Here is a reference:

Soon after the Howe family came (to Ellis County) in February 1844, Sutherland Mayfield brought his family and settled some seven miles below where the town of Waxahachie now stands. He settled on a league of land on Waxahachie creek at some fine springs. The place was later owned by Capt. John Reagor and the springs are now known as Reagor Springs.

Ellis County TXGenWeb
The Historic Springs of Ellis County
Compiled by Jean Caddel

This is from the same site elsewhere:

Also, it talks about captain John Reagor, a veteran of the war of 1812 and the battle of New Orleans, and who originally bought the land (for $3,000 in 1850 at the age of 58) on which reagor springs is located, and who willed some (or all) of it to Mary Eliza Ray, who's husband the town was renamed for.

Problem: Narritive says John only had 4 children. Maybe he only had 4 still living when he died in 1870 (at the age of 78).

A Community Like No Other
from an Article in The Waxahachie Daily Light, Sunday, February 23, 1997 by Laura Cathey
Daily Light Staff Writer
photos by Mary Hartsfield (2000)

REAGOR SPRINGS - A place untouched by time is hard to find in this day and age, but the community of Reagor Springs has that quality which made one couple move back 40 years after they left. Gene and Mary Hartsfield have known each other all their lives. They moved away from Reagor Springs in 1952 and came back in 1990 after his retirement.

"When our girls graduated from college and Gene was ready for retirement, we decided to look for a place in the country," said Mary Hartsfield. "We looked all around, but we found nothing that we liked as much as Reagor Springs."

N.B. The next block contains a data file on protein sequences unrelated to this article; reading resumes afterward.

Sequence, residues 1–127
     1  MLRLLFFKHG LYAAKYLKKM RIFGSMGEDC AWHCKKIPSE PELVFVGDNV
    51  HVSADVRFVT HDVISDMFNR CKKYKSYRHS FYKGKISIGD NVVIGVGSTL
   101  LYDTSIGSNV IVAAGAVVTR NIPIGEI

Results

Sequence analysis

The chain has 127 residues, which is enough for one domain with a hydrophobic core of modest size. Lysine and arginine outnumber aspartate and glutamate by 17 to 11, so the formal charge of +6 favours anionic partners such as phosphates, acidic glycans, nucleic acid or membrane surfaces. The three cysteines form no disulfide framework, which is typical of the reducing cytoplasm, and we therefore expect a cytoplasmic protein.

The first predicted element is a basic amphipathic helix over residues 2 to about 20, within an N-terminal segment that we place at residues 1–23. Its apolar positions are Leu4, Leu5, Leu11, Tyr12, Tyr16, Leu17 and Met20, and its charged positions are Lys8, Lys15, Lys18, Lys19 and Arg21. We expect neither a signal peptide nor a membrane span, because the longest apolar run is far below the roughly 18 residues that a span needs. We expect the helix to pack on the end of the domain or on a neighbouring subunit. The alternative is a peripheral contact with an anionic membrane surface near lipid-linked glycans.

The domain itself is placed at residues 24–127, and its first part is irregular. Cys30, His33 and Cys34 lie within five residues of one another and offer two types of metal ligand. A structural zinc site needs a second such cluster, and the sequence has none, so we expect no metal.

The couple now live at Gene's childhood home. It is part of the original land bought by Captain John Reagor in 1850. Reagor is Gene's great-great-grandfather and the man the "Springs" is named for. John Reagor bought 4,000 acres for $3,000 in 1850.

"They didn't have a courthouse in Ellis County back then so the records for the deed had to be filed down in Groesbeck," said Gene. "I guess that was the nearest county."

Reagor was a participant in the War of 1812 and in the Battle of New Orleans. He and his wife moved to Texas and bought the land from the George Carpenter survey. When Reagor died, he had four children and he divided the land four ways, according to Gene.

"The part that is actually Reagor Springs was given to Mary Eliza Reagor, one of his daughters," said Gene. "It was for her husband, Fountain Ray, that the town was once called Ray. He was a postmaster."

When Mary and Gene were growing up, the community had three churches, three grocery stores, a cotton gin and a doctor. Gene's father, Brack Hartsfield ran the cotton gin for 43 years.

"My father believed a working day was from sunup to sundown," said Gene. "He would pay overtime, but only after the lights were turned on at the gin. He didn't believe in an eight-hour day."

"Before Reagor Springs children were taken to Waxahachie schools, the community had it's own school system, from which both Gene and Mary graduated. The school closed in the early 1950s.

"When we were growing up, there were probably 40-50 students at the school," said Mary. "The school we attended was not the original school, but a rebuilt school to replace the one which had burned," said Gene...

"I like the lifestyle out here...we have a lot of nice neighbors."

In the early days, Reagor Springs was a typical farming community, but many were employed by the cotton gin. Today it is still full of farms, but many of it's inhabitants are commuters who want to live out of the city. Some just like the atmosphere, but for others it's their lives.

Mr. & Mrs. Gene Hartsfield